“The shadow hearing helped to significantly raise the profile of the ERA and highlight the outrageous lack of congressional action over the last several decades,” Maloney said. “I believe that will change if Democrats retake the majority in the House this fall.”
But even if Democrats win the House and Virginia ratifies the ERA next year, one last thing could still stop the ERA from being added to the Constitution: time.
When the ERA was passed in Congress in 1972, a clause was added setting a seven-year deadline for the amendment to be ratified by the states.
Thirty-five states ratified the ERA before the March 22, 1979 deadline – three states short of what was required to add the amendment to the Constitution. Then four states rescinded their earlier ratifications (Nebraska in 1973, Tennessee in 1974, Idaho in 1977, Kentucky in 1978 and South Dakota in 1979).
Although it is still unclear legally if the states’ rescissions were valid. Congress had anticipated delays. In 1978, lawmakers approved and President Jimmy Carter signed a three-year extension.
But by the new deadline of June 30, 1982, no additional state had ratified or rescinded the ERA.
ERA opponents, such as the Illinois-based Eagle Forum founded by the late Phyllis Schlafly, now claim that state ratifications voted after 1982 are not legitimate.
“Any vote for ERA today is null and void and would be an embarrassment to the state,” the Eagle Forum said on its website in April. The group has multiple objections to the ERA, including that it would “overturn all restrictions on abortion” and give women no additional rights.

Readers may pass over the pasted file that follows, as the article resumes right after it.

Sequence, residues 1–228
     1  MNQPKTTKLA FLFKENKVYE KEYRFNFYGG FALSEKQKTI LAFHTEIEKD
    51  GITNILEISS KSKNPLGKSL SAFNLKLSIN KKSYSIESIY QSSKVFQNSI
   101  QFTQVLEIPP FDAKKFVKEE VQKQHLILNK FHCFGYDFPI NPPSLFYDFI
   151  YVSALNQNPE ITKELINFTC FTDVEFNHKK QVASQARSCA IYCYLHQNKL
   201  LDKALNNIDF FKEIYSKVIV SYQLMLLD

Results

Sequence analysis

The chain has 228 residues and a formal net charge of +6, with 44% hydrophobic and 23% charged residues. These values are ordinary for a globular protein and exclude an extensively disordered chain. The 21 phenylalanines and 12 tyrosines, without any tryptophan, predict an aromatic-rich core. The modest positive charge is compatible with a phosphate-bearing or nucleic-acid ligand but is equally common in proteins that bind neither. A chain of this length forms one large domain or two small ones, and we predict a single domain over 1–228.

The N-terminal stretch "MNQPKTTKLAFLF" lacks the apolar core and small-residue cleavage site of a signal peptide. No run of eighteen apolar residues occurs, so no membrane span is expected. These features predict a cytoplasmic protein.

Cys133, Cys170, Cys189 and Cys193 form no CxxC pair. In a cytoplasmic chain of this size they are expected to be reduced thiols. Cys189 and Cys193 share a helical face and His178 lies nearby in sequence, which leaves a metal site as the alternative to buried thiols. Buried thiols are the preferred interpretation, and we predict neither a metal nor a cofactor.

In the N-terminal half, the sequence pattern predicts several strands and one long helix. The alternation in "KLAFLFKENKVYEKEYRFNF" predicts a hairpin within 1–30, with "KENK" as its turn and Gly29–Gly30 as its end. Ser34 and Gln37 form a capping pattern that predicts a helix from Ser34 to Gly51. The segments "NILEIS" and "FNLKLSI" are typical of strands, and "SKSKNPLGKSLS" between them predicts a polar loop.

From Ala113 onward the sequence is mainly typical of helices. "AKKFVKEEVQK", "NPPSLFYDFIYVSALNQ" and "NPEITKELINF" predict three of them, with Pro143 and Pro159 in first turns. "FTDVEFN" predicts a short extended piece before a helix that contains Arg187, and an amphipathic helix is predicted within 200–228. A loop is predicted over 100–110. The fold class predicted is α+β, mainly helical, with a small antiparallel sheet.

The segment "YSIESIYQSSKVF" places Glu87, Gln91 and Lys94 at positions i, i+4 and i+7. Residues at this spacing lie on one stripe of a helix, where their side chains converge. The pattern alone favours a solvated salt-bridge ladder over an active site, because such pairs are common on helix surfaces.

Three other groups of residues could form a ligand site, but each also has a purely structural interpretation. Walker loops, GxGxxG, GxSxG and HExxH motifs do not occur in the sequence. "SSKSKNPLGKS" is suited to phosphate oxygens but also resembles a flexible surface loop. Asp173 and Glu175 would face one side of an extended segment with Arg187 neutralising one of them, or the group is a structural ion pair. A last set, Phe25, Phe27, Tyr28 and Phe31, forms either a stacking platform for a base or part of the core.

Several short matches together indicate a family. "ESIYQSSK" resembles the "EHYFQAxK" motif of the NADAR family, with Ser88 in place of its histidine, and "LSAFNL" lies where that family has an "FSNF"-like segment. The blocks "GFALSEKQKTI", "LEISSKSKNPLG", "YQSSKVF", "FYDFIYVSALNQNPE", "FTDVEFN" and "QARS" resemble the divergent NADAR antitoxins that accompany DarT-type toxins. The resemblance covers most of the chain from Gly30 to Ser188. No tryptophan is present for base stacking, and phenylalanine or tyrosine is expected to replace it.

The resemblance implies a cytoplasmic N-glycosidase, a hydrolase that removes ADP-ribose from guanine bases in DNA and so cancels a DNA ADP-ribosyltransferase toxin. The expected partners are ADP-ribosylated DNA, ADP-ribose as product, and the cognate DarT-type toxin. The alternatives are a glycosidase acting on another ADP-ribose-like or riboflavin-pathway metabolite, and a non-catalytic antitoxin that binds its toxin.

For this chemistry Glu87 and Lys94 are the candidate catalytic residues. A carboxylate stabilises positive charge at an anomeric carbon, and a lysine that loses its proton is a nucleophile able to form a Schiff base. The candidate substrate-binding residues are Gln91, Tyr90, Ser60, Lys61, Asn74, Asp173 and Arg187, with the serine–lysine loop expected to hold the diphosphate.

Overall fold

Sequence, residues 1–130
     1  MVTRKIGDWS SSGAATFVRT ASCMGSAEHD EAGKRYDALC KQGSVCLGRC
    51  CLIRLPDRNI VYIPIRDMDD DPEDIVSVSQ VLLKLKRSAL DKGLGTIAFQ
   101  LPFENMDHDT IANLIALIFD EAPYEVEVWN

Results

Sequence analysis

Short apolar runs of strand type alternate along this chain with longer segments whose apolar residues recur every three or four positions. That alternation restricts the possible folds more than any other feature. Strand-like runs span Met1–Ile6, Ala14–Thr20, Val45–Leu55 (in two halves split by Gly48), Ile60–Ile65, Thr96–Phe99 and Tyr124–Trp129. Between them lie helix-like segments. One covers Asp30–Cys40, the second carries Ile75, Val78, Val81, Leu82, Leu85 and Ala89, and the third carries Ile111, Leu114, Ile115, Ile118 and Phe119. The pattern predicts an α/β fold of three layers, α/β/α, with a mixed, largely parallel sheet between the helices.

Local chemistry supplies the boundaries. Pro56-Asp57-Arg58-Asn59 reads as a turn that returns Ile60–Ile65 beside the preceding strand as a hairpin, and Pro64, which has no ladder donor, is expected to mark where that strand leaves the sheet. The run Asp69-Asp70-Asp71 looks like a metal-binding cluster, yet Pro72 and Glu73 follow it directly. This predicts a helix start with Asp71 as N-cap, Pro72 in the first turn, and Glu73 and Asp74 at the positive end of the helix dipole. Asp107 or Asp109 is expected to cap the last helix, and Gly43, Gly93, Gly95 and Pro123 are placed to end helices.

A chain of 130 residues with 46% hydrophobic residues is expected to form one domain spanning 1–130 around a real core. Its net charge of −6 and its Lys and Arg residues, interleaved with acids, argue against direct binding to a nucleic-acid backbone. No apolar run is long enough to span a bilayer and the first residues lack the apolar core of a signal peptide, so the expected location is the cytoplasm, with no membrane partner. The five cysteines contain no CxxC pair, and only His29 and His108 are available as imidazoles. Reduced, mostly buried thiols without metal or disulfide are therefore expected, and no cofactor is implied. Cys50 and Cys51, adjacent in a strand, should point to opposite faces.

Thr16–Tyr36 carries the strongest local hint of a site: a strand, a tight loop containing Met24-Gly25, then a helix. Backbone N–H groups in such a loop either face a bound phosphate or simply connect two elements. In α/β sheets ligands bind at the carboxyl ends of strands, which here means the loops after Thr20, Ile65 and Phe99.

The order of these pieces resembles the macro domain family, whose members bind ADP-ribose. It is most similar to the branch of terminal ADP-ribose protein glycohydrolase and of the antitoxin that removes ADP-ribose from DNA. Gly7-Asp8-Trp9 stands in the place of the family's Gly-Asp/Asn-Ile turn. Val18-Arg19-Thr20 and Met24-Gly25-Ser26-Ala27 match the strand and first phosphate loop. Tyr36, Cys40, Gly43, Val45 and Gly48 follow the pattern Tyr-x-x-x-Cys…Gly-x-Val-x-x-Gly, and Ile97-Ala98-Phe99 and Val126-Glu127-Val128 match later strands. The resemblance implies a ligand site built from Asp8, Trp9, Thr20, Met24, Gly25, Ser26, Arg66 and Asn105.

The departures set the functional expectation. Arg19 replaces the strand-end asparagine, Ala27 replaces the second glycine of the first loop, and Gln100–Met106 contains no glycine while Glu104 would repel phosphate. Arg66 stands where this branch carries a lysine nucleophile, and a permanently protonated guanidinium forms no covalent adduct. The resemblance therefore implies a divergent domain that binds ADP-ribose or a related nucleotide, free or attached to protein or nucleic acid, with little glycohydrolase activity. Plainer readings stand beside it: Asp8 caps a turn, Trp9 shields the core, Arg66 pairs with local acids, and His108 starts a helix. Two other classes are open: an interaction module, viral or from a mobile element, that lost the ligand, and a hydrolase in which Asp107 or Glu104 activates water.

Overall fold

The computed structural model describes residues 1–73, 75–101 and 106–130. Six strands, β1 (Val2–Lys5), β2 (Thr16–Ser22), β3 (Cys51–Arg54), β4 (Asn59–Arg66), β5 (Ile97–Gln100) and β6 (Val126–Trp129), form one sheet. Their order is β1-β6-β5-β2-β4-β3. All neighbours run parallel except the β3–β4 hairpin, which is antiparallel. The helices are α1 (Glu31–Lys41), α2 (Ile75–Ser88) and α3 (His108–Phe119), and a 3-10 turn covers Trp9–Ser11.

ERA supporters insist that the ratification deadline is a detail that can easily be changed or removed by Congress.
“The deadline never happened until the 20th century – it is a modern day invention,” Hornung said. “The 27th Amendment (barring lawmakers from setting their own salaries without an intervening House election) took over 200 years to be added in our Constitution. I want the deadline to be removed.”
Since President Donald Trump’s election and the rise of the #MeToo movement, more and more people have been pushing for states to ratify the ERA, regardless of the deadline.
Maloney has noticed how the ERA has been resurrected among state legislatures and public opinion has made action possible.
“It’s no coincidence that since Jan. 20, 2017, two states have ratified the federal ERA and that there have been renewed pushes for state-level ERAs as well,” she said. “Congress would be wise to listen to their constituents. Ninety-four percent of Americans support an ERA – we need to get it done.”
Just in case the courts rule that the old deadline is valid, Maloney is sponsoring a bill to start the ratification process over again.
There are also separate bills in both houses of Congress, sponsored by Sen. Benjamin Cardin, D-Maryland and Rep. Jackie Speier D-California, to remove the deadline whenever the ERA would be ratified by the three-fourths of the states.
“At the end of the day, what matters is women’s rights being part of our nation’s highest legal document,” Maloney said. “We’ll get there one way or another. We’re covering all our bases.”